Dear Colleague

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Regie Routman

April 3, 2020
Issue: 
#612

Dear Colleague,

When schools recently closed because of the coronavirus pandemic, like you, I kept thinking, What can I do to make things easier, more equitable, and more meaningful for teachers, students, and their families in these extraordinary times? Increasingly, I worried—and I’m still concerned—that too many of our students, and in particular our underserved ones, may be experiencing large chunks of their days without access to fulfilling or beneficial learning. As a teacher and author, what could I do? I write to you now to share my thoughts, with the purpose and hope of making your current teaching—and students’ learning—more engaging, efficient, and enjoyable.

In Seattle, where I live and where my granddaughters have attended the public schools, I knew the Seattle Public Schools and Seattle Public Libraries were successfully working with the community to provide food security and “book security” for students and families in need. I wanted to do something in this moment, and equity weighed heavily on my mind: how do we help provide meaningful literacy access to every student, many of whom do not have a computer or Internet access?

My lifetime of work has been devoted to raising expectations and results for all students, regardless of a learner’s designated label, level, language, or test score. Much of that work has been focused on the power of activating the reading-writing connection. Especially for learners who struggle, the reading-writing connection is paramount—becoming a discerning reader and noticing what authors do and applying author’s craft and conventions to their own writing. Also, storytelling is crucial—reading, hearing, creating, valuing, and publishing our own stories. When we encourage and respect each other’s stories, we validate and dignify every learner’s life and culture.

I thought about how writing is as necessary as reading and how writing can be done with the simplest of materials—paper and pencil. I know from research and experience that writing increases reading abilities and that for some students, writing is a way into reading, especially when students have some choice in the writing topic and an authentic audience and purpose for the writing. It is then that students invest their full energies and willingly reread and revise to produce their best work. The reading-writing connection, which is crucial to optimal literacy development at all grade levels, can be enhanced with just paper and pencil.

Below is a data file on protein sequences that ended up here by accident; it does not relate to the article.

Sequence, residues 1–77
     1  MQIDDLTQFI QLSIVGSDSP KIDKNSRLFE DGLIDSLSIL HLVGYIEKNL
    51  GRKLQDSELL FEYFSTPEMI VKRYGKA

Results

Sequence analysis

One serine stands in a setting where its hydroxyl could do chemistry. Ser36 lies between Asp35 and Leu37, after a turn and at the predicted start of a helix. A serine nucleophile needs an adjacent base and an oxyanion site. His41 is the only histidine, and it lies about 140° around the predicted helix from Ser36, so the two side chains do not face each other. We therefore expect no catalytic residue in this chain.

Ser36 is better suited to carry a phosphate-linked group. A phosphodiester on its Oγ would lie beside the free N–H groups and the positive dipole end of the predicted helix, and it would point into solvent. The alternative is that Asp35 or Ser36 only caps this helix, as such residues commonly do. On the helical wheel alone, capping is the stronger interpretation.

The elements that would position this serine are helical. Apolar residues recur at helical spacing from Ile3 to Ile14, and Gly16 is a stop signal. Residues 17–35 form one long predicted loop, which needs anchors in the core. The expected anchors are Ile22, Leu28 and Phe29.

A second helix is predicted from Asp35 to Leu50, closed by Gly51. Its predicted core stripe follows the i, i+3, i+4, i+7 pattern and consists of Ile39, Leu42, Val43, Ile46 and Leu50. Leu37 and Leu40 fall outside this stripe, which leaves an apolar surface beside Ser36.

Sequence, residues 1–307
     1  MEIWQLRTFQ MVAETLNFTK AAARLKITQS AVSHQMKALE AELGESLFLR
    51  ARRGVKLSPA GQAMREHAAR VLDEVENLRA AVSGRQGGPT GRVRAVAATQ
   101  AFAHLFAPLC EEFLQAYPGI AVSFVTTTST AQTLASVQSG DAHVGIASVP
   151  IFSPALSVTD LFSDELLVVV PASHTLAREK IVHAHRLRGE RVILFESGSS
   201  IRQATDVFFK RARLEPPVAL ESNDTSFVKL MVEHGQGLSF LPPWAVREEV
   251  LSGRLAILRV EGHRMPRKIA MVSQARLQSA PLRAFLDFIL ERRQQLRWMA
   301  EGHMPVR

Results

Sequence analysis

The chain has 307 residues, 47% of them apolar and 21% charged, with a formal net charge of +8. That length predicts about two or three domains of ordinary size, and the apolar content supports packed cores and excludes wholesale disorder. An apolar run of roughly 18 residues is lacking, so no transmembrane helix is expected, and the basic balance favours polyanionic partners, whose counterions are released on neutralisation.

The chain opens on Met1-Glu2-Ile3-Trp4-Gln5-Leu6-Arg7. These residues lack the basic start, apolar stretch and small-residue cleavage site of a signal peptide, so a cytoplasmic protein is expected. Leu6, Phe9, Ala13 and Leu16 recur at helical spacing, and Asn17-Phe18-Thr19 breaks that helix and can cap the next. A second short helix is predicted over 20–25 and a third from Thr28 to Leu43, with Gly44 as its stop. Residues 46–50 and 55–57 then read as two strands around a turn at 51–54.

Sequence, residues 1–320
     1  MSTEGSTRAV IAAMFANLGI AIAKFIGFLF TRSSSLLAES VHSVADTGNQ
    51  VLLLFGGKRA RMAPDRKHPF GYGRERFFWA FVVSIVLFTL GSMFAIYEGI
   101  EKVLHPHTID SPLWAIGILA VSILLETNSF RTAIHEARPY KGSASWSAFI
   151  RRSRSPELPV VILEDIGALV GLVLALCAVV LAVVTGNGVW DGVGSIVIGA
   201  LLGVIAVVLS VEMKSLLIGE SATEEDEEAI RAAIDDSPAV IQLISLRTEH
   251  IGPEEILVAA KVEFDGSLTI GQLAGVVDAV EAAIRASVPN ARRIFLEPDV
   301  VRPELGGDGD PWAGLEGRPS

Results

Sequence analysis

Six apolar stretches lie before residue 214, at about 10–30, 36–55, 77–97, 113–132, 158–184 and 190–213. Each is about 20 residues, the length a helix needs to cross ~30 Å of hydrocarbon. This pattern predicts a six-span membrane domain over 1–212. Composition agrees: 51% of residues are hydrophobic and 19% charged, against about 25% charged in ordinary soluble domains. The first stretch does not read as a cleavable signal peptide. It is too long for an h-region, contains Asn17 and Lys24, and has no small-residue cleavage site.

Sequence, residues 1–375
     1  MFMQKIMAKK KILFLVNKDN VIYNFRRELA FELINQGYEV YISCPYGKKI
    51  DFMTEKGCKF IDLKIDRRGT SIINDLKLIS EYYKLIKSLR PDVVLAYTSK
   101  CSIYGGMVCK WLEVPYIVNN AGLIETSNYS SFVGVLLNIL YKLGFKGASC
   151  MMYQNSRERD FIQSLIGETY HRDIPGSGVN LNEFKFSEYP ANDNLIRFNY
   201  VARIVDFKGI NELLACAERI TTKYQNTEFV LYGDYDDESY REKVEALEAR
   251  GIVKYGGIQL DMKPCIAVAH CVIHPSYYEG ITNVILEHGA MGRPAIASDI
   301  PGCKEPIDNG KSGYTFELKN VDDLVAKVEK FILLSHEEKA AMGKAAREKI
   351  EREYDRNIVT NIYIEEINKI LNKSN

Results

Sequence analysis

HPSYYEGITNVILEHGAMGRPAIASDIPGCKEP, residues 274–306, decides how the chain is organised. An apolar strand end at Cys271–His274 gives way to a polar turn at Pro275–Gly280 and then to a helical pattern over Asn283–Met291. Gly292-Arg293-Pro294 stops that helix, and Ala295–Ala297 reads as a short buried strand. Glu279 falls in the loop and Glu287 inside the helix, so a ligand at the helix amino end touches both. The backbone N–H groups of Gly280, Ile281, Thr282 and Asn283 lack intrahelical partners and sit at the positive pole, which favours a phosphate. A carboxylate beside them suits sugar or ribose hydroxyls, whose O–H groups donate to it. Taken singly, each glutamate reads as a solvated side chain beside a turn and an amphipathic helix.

And so the idea sprang to mind: “Why not make blank notebooks available at the food sites, along with the books?”

I collaborated with my enthusiastic granddaughters, Katie and Brooke, to cowrite the one-page document “A Notebook for You,” which will be placed inside each notebook. The guidelines are deliberately open ended; they are meant as suggestions to jump-start thinking.

During this challenging time in all of our lives, daily writing—by students and adults—can provide respite and a safe, creative, and emotional outlet. Through writing and/or illustrating stories, poems, journal entries, comics, graphic texts, or whatever form or genre the imagination conjures up, we can add meaning and documentation to our present and future lives.

With admiration and deep respect for all you do for students,

 

 

 

One Page Notebook Document

Regie Routman is a longtime educator who works side by side with teachers and administrators in underperforming schools and districts to increase and sustain reading and writing achievement and joy in learning for all students. She is the author of many books and resources, most recently Literacy Essentials: Engagement, Excellence, and Equity for All Learners (Stenhouse, 2018). She can be contacted on www.regieroutman.org and on Twitter @regieroutman and Facebook @regieroutman.


During this uncertain time, we will continue to connect with you through our Tip each Friday providing you an inspirational story and resources that can be used in a school setting or adapted to meet your students’ needs at home or virtually. If you have an idea that you would like to share, email us here. Together, we will continue learning so that we are ready when we return to school with our students. ❤️


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